The big bomb that Joe Quesada promised would break the internet has been detonated.  The rights to Miracleman now belong to Marvel!  It’s an ironic turn of events.  The character started out as Marvelman in the UK.  When it was going to be published in the USA, Marvel sued and the character’s name as changed to Miracleman by Eclipse Comics.  Alan Moore did a mind blowing job on this series, I hold it right up there with Swamp Thing, Watchman, and V for Vendetta.  I’ve always held on to my original copies of the Eclipse Comics.

Marvel brought Mark Buckingham on stage to celebrate the announcement.  I can only assume—or hope—that Marvel will bring Neil Gaiman and Buckingham together to finish The Silver Age and The Dark Age.  It would be weird to see these guys finish something they started over 20 years ago.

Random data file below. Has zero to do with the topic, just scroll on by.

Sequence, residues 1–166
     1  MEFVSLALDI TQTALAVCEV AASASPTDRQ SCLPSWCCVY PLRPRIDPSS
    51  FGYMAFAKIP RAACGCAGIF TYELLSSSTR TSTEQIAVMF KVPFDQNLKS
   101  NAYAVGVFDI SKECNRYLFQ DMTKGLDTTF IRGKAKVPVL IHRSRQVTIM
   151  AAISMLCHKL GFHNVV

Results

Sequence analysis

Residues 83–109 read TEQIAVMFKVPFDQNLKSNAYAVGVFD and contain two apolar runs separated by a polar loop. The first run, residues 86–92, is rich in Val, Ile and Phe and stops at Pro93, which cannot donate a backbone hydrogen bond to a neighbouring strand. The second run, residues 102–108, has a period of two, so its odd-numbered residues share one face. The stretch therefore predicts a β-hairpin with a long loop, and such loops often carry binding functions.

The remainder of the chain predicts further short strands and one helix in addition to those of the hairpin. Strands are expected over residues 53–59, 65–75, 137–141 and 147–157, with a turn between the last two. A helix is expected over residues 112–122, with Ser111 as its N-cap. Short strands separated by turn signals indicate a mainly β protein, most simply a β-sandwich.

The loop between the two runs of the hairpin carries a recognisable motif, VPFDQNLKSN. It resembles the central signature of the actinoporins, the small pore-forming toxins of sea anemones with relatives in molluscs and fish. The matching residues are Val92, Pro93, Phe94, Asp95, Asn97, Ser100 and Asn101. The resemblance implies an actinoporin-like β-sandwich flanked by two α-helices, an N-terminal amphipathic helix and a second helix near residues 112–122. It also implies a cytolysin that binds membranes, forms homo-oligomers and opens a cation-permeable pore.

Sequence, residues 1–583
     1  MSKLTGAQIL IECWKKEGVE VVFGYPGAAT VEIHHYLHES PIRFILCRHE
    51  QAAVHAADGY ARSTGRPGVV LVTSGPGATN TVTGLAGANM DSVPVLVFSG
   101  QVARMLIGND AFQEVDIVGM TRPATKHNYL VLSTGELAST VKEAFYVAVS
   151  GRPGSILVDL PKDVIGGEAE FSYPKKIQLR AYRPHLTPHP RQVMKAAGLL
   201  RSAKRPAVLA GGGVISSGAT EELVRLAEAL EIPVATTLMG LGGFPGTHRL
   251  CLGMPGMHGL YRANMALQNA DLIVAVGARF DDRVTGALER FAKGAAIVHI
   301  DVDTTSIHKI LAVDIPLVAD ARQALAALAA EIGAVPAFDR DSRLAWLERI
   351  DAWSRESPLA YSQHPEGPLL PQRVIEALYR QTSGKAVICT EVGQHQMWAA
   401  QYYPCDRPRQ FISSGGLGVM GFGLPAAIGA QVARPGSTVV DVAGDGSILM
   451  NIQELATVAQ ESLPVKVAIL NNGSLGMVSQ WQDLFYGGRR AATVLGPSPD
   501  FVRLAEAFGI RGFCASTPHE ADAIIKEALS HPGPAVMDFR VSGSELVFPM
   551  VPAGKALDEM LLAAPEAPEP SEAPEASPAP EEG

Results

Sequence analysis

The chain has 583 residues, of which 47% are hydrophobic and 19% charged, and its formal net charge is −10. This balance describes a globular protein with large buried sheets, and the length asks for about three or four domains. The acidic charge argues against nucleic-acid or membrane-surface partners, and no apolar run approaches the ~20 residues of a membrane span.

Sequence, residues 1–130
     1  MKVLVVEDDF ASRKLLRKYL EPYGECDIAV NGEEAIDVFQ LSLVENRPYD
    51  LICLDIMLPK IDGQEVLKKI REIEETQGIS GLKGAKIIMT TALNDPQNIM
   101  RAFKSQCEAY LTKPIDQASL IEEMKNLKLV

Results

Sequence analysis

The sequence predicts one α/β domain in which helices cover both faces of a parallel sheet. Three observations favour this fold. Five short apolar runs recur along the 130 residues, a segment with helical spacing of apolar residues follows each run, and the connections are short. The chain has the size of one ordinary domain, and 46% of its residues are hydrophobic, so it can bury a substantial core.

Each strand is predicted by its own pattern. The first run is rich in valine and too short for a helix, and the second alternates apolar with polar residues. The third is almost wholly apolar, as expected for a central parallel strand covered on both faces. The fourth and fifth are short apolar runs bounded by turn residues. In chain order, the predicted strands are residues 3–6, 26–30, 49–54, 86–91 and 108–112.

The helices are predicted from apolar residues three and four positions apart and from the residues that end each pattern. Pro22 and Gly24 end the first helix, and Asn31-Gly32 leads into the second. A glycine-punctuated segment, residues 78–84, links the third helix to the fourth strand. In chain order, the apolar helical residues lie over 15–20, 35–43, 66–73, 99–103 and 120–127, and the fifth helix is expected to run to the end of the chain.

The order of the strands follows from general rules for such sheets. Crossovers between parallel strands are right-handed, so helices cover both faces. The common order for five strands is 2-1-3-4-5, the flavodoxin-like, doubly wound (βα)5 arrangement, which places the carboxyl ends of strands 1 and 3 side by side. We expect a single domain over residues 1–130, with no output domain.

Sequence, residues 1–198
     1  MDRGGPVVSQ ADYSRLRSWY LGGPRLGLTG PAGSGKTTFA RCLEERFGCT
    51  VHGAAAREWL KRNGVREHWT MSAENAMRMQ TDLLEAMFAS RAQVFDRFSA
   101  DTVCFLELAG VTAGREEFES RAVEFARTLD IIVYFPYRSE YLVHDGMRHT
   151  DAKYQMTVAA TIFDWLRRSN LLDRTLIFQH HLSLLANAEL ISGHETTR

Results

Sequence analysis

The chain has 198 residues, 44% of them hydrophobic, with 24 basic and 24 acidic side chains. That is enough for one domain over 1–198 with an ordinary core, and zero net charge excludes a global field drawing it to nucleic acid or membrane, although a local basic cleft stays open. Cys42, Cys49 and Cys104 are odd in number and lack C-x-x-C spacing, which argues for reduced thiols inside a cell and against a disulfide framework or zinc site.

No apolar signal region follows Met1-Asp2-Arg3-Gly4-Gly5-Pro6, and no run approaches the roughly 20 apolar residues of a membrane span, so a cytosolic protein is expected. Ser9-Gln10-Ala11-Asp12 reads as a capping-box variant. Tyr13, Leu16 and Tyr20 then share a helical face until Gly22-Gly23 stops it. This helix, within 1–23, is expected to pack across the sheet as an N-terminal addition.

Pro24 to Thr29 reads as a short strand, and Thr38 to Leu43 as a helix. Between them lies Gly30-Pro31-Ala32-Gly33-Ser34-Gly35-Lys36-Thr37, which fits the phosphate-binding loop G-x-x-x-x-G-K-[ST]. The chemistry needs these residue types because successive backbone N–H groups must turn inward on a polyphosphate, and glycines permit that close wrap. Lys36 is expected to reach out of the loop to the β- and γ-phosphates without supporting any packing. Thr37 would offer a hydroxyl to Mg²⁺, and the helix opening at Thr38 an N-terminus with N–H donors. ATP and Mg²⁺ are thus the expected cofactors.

I am not sure how I would feel about seeing MarvelMan in the main universe.  It would be strange.  But sooner or later, I bet Marvel would bring him into continuity.  Nuff said.

Red She-Hulk covers revealed at Cup of Joe SDCC 2009!

The Cup of Joe panel at San Diego Comic Con 2009 has started off with a bang!  What’s next after the identity of the Red Hulk is revealed in Hulk #600?

Hulk 16 cover featuring Red She-Hulk

Red She-Hulk!  This is the cover to Hulk #16.

Hulk 17 variant cover with Red She Hulk vs Dark Wolverine

In Hulk #17, it’s Red She-Hulk versus Dark Wolverine.  Cowabunga!

World War Hulks Gamma cover by John Romita JR